Alan Greenspan: ‘The system is eventually going to unwind’

In a wide ranging discussion with Mark Carney and Economist political editor Adrian Wooldridge, Alan Greenspan, 92, claims the US is becoming complacent after so many years in the ascendancy, reports Arun Kakar 

Former Federal Reserve chairman Alan Greenspan has said that the US must look abroad to solve current problems with its welfare state, arguing that the current imbalance between entitlements and savings in the country was creating a system which is on track to ‘unwind’.

Speaking via video link at an event hosted by the Policy Exchange, Greenspan was joined by Bank of England Governor Mark Carney and the Economist’s political editor Adrian Wooldridge in a wide ranging discussion on American Capitalism. Carney asked the questions but was restricted from taking any himself. The event was held in conjunction with the release of Wooldridge and Greenspan’s new book, Capitalism in America, which argues that a toleration of ‘creative destruction’ – the ‘Siamese twins of creation and destruction’ – has been the key to US economic domination over the last century. It questions whether the US is becoming complacent after so many years in the ascendancy.

 White House photo by Shealah Craighead

Using the tech giants as an example, Wooldridge drew a historical parallel with the changes to the US economy at the end of the 19th century to highlight complacent attitudes in US industry today.  Like John Rockerfeller and Andrew Carnegie, the eminent tech entrepreneurs of today are becoming ‘so market dominant that they’re not as innovative as they could be’.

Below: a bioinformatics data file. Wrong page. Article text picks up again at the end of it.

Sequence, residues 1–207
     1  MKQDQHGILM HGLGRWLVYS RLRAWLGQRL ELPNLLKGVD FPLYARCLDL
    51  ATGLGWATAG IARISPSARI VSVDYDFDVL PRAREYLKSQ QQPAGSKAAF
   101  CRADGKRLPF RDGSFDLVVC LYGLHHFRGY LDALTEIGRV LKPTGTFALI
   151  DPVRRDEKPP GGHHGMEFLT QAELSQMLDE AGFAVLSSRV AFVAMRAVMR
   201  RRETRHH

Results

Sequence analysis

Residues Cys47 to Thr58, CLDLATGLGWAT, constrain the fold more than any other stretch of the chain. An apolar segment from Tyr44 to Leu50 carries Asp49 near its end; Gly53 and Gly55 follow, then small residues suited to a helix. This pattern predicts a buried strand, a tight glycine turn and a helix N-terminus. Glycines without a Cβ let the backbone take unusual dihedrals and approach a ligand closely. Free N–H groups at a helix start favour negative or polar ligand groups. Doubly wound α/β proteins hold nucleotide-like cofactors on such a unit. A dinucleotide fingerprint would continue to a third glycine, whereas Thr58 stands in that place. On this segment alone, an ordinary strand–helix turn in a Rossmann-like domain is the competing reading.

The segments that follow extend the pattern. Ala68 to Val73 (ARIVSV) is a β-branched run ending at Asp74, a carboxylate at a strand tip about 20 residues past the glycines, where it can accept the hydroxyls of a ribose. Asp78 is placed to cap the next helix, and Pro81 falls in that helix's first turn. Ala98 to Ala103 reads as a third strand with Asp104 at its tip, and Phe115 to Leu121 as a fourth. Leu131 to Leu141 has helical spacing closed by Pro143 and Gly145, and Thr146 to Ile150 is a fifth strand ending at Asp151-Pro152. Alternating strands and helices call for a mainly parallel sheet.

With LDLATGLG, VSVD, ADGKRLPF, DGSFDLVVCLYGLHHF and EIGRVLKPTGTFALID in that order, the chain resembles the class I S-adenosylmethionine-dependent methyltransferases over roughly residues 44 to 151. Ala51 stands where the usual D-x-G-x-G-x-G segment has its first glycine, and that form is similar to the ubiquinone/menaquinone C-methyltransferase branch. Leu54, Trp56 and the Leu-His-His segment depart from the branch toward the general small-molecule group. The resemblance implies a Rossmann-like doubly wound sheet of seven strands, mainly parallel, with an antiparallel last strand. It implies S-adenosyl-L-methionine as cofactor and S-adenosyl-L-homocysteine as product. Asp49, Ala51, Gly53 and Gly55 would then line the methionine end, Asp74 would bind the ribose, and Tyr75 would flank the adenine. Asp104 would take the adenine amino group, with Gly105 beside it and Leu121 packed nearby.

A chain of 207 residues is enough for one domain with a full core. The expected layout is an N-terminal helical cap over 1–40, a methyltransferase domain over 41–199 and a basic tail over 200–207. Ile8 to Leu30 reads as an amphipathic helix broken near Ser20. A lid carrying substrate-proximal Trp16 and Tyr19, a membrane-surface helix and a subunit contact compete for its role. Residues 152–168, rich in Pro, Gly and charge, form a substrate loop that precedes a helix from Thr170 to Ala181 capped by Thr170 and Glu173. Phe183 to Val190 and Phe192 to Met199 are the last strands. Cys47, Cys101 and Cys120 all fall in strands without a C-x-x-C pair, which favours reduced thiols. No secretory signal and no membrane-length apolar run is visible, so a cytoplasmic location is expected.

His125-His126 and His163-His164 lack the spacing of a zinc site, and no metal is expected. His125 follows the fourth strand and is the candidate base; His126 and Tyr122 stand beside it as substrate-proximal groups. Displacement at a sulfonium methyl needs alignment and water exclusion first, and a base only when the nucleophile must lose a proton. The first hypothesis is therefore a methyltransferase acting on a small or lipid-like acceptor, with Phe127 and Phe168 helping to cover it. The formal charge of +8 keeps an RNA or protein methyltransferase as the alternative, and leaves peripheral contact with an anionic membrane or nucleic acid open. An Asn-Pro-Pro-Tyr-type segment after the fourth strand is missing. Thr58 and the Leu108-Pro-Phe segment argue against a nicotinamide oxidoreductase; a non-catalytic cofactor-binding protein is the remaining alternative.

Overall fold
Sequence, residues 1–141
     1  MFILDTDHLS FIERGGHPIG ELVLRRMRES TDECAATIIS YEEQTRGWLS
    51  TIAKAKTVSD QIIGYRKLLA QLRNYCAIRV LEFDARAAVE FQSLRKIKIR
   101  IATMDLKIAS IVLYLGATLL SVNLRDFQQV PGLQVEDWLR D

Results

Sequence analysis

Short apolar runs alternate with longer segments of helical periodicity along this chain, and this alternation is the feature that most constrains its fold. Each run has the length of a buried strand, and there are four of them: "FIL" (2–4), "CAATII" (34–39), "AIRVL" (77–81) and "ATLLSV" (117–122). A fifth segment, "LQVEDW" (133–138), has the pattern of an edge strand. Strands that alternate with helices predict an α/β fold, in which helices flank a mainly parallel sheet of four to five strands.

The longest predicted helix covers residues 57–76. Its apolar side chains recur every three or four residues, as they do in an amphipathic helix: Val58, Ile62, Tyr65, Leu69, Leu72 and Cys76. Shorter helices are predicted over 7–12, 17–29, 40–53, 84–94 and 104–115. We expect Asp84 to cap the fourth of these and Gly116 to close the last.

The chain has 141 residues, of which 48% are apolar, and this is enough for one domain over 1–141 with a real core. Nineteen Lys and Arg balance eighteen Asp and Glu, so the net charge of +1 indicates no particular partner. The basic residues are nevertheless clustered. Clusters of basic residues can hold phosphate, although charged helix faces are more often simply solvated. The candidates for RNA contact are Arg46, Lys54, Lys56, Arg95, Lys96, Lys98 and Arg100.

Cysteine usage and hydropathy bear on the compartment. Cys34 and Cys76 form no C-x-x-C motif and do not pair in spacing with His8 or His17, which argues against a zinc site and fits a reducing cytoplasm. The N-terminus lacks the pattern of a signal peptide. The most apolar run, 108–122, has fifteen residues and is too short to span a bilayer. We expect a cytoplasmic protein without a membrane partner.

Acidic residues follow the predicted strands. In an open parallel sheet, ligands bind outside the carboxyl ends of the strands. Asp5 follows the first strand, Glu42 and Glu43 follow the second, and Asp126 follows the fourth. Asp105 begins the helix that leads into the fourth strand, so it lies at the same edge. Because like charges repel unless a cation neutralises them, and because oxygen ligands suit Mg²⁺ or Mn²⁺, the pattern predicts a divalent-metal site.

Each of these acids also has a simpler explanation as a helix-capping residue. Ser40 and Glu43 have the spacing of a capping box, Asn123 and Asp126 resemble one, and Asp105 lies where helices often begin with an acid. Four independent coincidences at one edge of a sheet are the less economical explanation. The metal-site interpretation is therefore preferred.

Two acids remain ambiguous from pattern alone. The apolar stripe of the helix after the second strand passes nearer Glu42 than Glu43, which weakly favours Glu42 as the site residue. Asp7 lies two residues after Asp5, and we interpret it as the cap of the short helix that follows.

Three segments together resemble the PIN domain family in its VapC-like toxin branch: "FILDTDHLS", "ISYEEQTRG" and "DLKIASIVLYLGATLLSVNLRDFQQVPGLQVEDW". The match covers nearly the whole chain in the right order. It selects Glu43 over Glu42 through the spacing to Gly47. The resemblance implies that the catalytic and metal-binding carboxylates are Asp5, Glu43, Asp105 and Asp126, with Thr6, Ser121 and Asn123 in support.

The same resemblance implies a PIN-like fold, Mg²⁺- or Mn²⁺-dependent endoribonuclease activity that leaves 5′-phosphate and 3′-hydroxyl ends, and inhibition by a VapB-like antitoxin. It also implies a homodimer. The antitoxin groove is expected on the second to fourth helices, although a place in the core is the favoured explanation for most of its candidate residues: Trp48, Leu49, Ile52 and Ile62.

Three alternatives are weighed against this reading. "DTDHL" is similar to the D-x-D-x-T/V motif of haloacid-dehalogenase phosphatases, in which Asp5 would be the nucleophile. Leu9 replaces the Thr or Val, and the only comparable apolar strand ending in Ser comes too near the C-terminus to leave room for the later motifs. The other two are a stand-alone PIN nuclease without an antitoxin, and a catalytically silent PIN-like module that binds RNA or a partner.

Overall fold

He told the audience: ‘They’re more concerned with eliminating competition, and you see a number of things going on.

‘You see non-complete clauses where you see […] intellectual talent is captured and prevented from competing [and] you see them buying lots and lots of small companies.’

Wooldridge noted a change between the new Silicon Valley firms of the 1990s and today from a desire to ‘create your own company’ to today’s environment of wanting to ‘sell out to dominant companies’. He also pointed to the ‘use of lawyers’ as a factor, with firms such as Google employing large legal teams that he accused of being in the business of ‘suppressing tech innovation’.

 White House photo by Shealah Craighead

Carney moved the discussion onto entitlements – another central issue in the book – pointing to a statistic that US entitlement spending has risen from around 5 per cent of GDP in 1960 to over 15 per cent today. It is argued by Greenspan that a growth in social benefits is linked to lower innovation and entrepreneurship, and that inflation could accelerate due to an increasing federal deficit caused partially caused by rising entitlement spending.

‘We’re basically creating a system which is eventually going to unwind,’ said Greenspan, who argued that entitlements are slowing the rate of productivity growth, and suppressing GDP growth as a result. ‘We’re now borrowing savings from abroad to now have a net debt to foreigners of $4 trillion,’ he added. ‘That number was effectively zero a decade ago. There are statistical limits which get us to the point of asking “where do we get the savings to create the capital goods which will continue to enhance our economic output per hour?’”

 White House photo by Shealah Craighead

It was suggested by Greenspan that the US could follow the example of Sweden to solve the country’s entitlements issue. Sweden is renowned for its high tax rate and sizable welfare state, which faced similar problems to the US of un-funded pension programs, but moved into a defined contribution system of welfare. It was hailed by Greenspan as a ‘perfect example’ of how to deal with the issue.

In an apparent swipe to the Trump Administration and its policy of lower taxes, the authors framed the issue of entitlements as a matter of ‘political will’. ‘Fundamentally the issue is not economics – the economics are unquestioned – it’s political,’ added Greenspan.

Arun Kakar writes for Spear’s